Idea Shuttle Fleet recompile for Orbiter 2016

gattispilot

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Still working out bugs. Redid the Cargo bay Stowage Assembly (CBSA). I can make it a dll vessel like the pfr,.... so you could attach and then rotate on it. One could make it open but it would be empty. And the doors might hit the astronaut.

 

Gargantua2024

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Currently working on VesselBuilder versions of the TDRS, Galileo, Chandra, Leasat, HS-376 satellites to simplify the reconfigurations they undergo during their post-deployment phases
 

gattispilot

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So some eva images with the rigid slide wire



So one thing we have run into is on the GPC MFD from SF. When in the 3 mfd version when switching from 3d to 2d a CTD.

One thing I noticed is the functions are not carried over though.



So this is sts 6
https://www.flickr.com/photos/nasacommons/20248756952

It looks like the payload camera are gold?
Looks like some were gold and some silver.
You can see the eva slidewire also
 
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gattispilot

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I got this:
Some gold, some silver. hey found over time that it was just as reflective and much less expensive

So not going to do anything.
 

gattispilot

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Thanks. Really the only thing that needs fixing is the reflectiveness of the radiators
And minor adjustments to scns,....
 

pappy2

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THE STEERING POST DISPLAY SYSTEM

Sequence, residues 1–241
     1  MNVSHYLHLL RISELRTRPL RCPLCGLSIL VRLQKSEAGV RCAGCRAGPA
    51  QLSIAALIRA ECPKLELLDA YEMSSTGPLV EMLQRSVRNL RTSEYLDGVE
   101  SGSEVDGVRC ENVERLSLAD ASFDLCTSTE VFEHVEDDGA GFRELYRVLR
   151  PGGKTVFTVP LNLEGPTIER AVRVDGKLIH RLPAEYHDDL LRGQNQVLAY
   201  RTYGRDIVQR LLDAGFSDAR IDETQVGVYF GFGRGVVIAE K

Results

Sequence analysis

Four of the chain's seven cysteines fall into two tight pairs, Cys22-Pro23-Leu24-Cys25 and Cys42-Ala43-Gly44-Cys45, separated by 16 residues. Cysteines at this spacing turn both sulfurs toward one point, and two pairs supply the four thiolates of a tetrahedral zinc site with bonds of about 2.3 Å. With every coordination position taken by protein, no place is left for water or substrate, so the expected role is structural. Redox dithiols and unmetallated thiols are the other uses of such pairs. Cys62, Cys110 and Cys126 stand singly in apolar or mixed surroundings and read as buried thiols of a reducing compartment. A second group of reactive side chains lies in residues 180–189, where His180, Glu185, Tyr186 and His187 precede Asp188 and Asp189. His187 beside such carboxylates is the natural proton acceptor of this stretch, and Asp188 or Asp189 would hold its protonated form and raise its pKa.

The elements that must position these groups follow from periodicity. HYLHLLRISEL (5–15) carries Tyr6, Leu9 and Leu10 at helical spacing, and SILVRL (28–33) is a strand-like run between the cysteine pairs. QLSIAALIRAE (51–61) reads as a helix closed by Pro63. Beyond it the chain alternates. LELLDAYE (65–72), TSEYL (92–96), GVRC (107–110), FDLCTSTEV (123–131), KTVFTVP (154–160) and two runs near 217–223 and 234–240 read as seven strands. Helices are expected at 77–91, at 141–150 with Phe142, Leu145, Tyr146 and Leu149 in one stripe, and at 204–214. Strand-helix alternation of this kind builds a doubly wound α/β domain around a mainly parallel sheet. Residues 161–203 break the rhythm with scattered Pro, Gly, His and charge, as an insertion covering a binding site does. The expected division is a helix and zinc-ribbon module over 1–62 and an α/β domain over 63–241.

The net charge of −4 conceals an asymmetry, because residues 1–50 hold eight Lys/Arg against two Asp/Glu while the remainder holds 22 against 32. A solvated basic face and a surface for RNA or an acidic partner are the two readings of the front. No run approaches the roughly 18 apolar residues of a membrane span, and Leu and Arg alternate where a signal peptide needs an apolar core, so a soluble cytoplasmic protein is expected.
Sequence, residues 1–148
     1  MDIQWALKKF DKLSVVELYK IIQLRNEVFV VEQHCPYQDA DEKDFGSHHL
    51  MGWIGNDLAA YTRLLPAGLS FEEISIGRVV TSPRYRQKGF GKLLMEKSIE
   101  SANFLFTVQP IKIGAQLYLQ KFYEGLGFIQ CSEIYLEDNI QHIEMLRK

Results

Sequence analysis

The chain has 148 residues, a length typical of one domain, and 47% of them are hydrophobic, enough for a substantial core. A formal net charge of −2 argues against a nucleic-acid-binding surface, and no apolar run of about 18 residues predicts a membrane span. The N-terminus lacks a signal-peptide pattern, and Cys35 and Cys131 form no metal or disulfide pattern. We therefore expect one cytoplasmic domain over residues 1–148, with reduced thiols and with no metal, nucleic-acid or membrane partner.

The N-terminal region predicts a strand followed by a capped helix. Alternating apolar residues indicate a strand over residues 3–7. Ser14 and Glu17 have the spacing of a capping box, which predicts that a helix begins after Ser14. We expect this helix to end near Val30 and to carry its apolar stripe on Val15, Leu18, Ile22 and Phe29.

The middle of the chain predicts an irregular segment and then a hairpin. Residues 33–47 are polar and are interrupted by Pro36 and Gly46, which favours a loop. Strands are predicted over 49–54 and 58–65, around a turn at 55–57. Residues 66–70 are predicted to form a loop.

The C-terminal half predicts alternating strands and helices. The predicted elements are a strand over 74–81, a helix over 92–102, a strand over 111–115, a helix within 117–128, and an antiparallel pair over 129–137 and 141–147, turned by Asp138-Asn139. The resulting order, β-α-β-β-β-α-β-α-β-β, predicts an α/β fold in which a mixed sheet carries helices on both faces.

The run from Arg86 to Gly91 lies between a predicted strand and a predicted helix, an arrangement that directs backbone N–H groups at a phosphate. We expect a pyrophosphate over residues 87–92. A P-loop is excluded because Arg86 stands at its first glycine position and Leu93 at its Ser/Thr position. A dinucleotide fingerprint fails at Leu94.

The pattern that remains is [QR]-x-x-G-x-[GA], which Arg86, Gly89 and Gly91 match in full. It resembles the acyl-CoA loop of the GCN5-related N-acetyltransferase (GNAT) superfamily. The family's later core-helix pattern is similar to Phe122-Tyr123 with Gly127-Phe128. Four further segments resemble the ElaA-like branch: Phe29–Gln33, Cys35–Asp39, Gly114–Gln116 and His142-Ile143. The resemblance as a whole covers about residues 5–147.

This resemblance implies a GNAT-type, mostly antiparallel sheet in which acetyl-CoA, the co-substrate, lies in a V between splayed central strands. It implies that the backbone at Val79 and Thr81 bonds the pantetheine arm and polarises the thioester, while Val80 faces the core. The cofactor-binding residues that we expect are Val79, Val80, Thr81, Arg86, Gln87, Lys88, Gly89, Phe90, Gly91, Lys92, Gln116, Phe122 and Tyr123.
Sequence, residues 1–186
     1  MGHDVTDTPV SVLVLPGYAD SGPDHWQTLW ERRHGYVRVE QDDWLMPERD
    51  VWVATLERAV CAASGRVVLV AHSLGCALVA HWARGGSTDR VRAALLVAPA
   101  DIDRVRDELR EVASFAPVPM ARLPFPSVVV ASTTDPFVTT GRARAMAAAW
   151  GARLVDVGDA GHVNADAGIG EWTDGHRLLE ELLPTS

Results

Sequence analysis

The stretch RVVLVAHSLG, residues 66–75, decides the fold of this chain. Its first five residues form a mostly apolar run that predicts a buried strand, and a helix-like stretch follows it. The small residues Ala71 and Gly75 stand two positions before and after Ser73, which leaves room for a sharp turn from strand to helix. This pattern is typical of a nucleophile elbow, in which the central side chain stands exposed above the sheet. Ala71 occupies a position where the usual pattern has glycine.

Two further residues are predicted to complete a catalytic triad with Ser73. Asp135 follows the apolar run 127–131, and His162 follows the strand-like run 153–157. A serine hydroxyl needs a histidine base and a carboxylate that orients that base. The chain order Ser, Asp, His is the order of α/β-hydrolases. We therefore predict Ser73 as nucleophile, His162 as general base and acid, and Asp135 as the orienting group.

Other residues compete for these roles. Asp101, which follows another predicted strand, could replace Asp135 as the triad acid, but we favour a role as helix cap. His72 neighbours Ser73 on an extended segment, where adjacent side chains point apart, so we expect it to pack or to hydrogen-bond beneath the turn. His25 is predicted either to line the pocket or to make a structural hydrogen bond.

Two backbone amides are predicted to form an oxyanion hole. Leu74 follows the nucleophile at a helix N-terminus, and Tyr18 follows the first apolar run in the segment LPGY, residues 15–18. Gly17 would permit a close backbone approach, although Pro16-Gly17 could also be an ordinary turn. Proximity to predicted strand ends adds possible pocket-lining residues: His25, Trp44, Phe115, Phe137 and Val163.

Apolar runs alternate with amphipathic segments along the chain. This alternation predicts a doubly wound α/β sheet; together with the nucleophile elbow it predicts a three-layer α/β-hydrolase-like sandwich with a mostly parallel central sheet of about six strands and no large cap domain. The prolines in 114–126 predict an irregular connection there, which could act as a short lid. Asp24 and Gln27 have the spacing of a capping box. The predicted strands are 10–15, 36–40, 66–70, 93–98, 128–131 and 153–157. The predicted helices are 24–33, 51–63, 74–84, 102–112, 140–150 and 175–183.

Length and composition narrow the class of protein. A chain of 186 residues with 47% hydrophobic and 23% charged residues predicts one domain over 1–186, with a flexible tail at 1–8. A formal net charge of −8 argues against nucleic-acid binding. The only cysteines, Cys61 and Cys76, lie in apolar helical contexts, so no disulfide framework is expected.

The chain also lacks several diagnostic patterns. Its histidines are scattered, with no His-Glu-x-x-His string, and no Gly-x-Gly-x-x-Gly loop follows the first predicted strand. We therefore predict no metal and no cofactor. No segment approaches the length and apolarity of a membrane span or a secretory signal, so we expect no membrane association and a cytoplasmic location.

http://www.capcomespace.net/dossiers/espace_US/shuttle/sts/orbiter_avionique.htm



Originally, the Orbiters were equipped with the Multifunctional CRT Displays System or MCDS. In 1998, this system was replaced by the Multifunctional Electronics Display System MEDS. The MCDS is made up of three types of materials:
_ 4 electronic screens DEU (Display Electronics Unit),
_ 4 DU (Display Units) screens which include CRT screens
_ 3 control keypads communicating with the GPCs via bus network.
Three DU displays and two keyboards are mounted on the main panel, and one with a keyboard on the side workstation. Each of the 4 DEUs communicates with the data from the GPC on-board computers.

The DU screens are CRT electronic screens displaying alphanumeric characters, graphic symbols and arrows in fluorescent green. They are not able to represent a complex shape, being limited by lines or arrows. Each screen has a contrast and brightness setting. If one of the CRTs breaks down on the main panel, the crew can exchange it with that of the rear station to ensure the return of the mission.

When the MCDS is installed, indicators ensuring the need for the primary flight instrument necessary for manual flight or automatic control of the piloting system are arranged in front of the pilots and aft on the "hold" workstation. These indicators include the ADI (for flight direction), two HSI (horizon indicator), AMI (Mach indicator), AVVI (vertical speed indicator and altimeter), position of flight indicators, RCS system light and G meter.

The HUD head-up viewfinder is an optical system which makes it possible to visualize the reentry data during the reentry phase, the final approach to the runway. It uses the same data as the edge indicators and displays them on CRT screens to create an image which is projected through a series of lenses to combine on a window located in front of the portholes in direct view of the pilots. The system was not originally installed on the OV 101 and 102, but on the others from their construction. Columbia was fitted after STS 9.

Regarding the installation dates of the Multifunction Electronic Display System (MEDS):
http://www.capcomespace.net/dossiers/espace_US/shuttle/sts/orbiter_avionique.htm



In 1988 Rockwell embarked on a program to modernize the Orbiters' cockpit. At that time, it naturally came to mind to use the "glass cockpit" like commercial aircraft. This system allows data to be displayed on color screens to replace conventional indicators. In 1992, this program was perfected for its use, thus born the Multifunction Electronic Display System MEDS.